Outstanding directorial achievement in daytime serials
Jill Mitwell, “One Life To Live” (Episode #9779) (ABC)

Outstanding directorial achievement in children’s programs
Kenny Ortega, “High School Musical” (Disney Channel)

Outstanding directorial achievement in commercials
Dante Ariola, “First Taste (Coca-Cola)”, “Snowball (Traveller’s Insurance)”, “Human (Johnny Walker)”

Outstanding directorial achievement in documentary
Arunas Matelis, “Before Flying Back to the Earth” (Studio Nominum, Tag/Traum)

2007 DGA service and career achievement award recipients

DGA Honorary Life Membership Award
Carl Reiner

Robert B. Aldrich Service Awards
Paris Barclay, Taylor Hackford

Franklin J. Schaffner Achievement Award
Terry Benson

Lifetime Achievement Award in News Direction
George Paul

 

 

 

Scorsese Wins First DGA Prize

‘Ugly Betty’ and ’24’ win on the TV side

February 5, 2007

Martin Scorsese

Martin Scorsese

As expected, Martin Scorsese won the Directors Guild of America award on Saturday (Feb. 3) night for his work on “The Departed.”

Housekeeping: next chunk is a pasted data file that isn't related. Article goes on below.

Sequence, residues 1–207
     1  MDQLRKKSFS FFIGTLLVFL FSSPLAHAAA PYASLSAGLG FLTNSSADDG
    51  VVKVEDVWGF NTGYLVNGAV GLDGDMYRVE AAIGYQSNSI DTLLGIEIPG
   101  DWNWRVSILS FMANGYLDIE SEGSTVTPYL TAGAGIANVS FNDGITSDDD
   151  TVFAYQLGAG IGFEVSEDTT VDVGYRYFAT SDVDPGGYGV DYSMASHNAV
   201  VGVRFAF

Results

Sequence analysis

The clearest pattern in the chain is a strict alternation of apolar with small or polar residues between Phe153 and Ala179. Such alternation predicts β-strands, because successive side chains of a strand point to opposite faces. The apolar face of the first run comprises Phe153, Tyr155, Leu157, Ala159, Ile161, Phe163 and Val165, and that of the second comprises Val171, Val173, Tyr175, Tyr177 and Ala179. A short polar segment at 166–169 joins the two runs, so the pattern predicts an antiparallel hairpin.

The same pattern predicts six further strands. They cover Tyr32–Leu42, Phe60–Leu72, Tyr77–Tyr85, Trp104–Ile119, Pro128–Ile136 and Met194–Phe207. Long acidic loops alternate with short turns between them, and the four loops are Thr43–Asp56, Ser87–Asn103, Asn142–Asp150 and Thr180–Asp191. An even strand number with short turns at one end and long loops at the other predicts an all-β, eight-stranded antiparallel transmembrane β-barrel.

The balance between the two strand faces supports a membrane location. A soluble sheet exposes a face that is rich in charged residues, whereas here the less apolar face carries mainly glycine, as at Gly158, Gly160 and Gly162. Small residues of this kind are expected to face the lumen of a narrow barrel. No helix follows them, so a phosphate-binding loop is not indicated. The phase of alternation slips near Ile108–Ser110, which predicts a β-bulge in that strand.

It was Scorsese’s first in-competition DGA prize after taking a Lifetime Achievement honor back in 2003. The win comes nearly two weeks after Scorsese took his second career Golden Globe for best director, but three weeks before the big event — Scorsese’s seemingly inevitable virgin coronation at the Academy Awards.

Scorsese had previously been nominated by the DGA for “Taxi Driver,” “Raging Bull,” “Goodfellas,” “The Age of Innocence,” “Gangs of New York” and “The Aviator.”

The Directors Guild victory for “The Departed,” while almost a foregone conclusion, snapped the early-2007 awards momentum for “Little Miss Sunshine.” The quirky comedy received guild credibility from both the Producers Guild of American and the Screen Actors Guild and had moved into a very shaky Oscar favorite role along with “The Departed” and Golden Globe best picture winner “Babel.”

On the TV side, Jon Cassar of “24” and Richard Shepard of “Ugly Betty” took home dramatic and comedic episode trophies. Walter Hill of “Broken Trail” won for TV movie and Kenny Ortega of “High School Musical” won for children’s programming.